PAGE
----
We have been looking at the history of electricity for this blog post, and by co-incidence, this has been the subject of a documentary series on BBC Four called “Shock and Awe: The Story of Electricity”
It was always known from historic times that certain substances such as amber could be rubbed and would attract small items, like feathers. The Greek word for amber is “electron” from which the word electricity comes. In the 17th Century, scientists started to experiment with electricty, and to help with these experiments, Otto von Guericke created the first reliable device that could generate static electricity. This was a globe (made out of sulphur) that could be rubbed by hand.
Benjamin Franklin (1706-1790) was a scientist and politician who was one of the founding fathers of the United States. Benjamin conducted experiments on a number of scientific areas, including electricity, but he was most famous for his experiment with a kite in 1752, when he fastened a metal key to the bottom of a kite string and flew it during the build up to an electrical storm.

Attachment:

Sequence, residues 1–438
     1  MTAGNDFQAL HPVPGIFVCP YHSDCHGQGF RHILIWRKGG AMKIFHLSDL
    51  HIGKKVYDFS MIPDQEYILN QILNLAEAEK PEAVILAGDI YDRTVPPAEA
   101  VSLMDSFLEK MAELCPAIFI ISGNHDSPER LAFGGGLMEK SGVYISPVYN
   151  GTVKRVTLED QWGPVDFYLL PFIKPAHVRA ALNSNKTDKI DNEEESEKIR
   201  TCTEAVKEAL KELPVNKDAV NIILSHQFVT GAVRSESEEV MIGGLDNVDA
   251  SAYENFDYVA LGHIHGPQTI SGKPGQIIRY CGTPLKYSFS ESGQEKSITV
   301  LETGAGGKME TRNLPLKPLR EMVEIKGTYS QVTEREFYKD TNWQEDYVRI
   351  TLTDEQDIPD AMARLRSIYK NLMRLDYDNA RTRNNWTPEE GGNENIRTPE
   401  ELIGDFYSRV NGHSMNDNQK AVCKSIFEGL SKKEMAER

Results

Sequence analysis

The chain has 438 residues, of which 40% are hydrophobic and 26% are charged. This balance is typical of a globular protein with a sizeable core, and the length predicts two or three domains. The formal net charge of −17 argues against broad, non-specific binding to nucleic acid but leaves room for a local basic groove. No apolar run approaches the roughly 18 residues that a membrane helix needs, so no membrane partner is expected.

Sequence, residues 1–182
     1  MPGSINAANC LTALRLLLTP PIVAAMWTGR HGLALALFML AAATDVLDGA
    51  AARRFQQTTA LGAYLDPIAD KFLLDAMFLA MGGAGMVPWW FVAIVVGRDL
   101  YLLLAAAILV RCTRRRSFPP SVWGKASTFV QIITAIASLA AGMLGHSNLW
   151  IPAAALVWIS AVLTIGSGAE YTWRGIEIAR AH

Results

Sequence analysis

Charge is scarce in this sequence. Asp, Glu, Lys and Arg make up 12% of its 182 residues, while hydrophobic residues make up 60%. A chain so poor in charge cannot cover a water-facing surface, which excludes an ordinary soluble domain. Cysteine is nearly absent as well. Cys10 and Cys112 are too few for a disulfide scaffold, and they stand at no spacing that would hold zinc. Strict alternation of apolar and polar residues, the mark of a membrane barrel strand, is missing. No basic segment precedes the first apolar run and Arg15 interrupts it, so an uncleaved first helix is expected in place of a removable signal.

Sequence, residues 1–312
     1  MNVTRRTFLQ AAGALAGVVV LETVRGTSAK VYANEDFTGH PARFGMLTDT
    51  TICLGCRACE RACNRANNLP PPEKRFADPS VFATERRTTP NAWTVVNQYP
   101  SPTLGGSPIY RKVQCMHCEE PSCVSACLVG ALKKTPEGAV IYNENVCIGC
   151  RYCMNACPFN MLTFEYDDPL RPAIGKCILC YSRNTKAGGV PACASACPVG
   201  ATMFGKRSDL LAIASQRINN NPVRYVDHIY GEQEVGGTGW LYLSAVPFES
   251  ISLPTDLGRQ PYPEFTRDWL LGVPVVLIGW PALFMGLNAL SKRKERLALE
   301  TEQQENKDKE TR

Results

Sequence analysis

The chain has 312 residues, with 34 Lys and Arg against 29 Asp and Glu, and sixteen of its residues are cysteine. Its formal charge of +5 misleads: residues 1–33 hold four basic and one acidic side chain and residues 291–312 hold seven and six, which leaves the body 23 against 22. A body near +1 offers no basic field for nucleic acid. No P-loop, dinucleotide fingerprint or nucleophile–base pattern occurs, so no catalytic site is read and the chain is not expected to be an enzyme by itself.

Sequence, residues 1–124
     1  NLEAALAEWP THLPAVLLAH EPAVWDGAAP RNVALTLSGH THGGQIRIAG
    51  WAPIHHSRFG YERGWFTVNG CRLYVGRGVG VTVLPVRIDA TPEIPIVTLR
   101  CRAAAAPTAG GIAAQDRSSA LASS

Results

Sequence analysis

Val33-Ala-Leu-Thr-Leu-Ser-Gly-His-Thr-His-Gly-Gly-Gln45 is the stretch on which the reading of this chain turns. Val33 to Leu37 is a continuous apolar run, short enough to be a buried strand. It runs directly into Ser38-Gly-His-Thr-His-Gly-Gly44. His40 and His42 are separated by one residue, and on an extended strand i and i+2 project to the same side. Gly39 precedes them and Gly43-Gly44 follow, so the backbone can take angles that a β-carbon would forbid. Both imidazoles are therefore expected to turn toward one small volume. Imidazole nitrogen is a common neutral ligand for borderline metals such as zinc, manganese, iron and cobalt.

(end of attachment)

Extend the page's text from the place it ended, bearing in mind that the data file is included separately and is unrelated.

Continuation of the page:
When he found that sparks were jumping from the key onto his hand, it proved to him that lightning was a form of electricity and this led to the invention of the lightning conductor that you see on many buildings.
Italian anatomy professor Luigi Galvani (1737-1798) experimented with electricity in 1771 by fastening the legs of a frog to a copper hook and attached the hook to an iron railing. The frog’s legs twitched violently, and he mistakenly concluded that the muscles of the frog must contain electricity!
Alessandro Volta (1745 – 1827) looked at Galvini’s work with a frog and realised that the frog’s legs were twitching as they were conducting electricity between the copper and the iron. This started a rivalry between the two scientist, and it inspired Volta to create the first battery using zinc and copper, similar to Galvini’s test, to show that electricity did not come from the frog’s legs!
You can make a battery like Volta’s using a lemon! To make this, squeeze the lemon, to get the juice moving, put a piece of copper (or even a copper coin) and a piece of zinc into the lemon, and attach these by pieces of wire to a LED (light), and hey presto! The light should come on!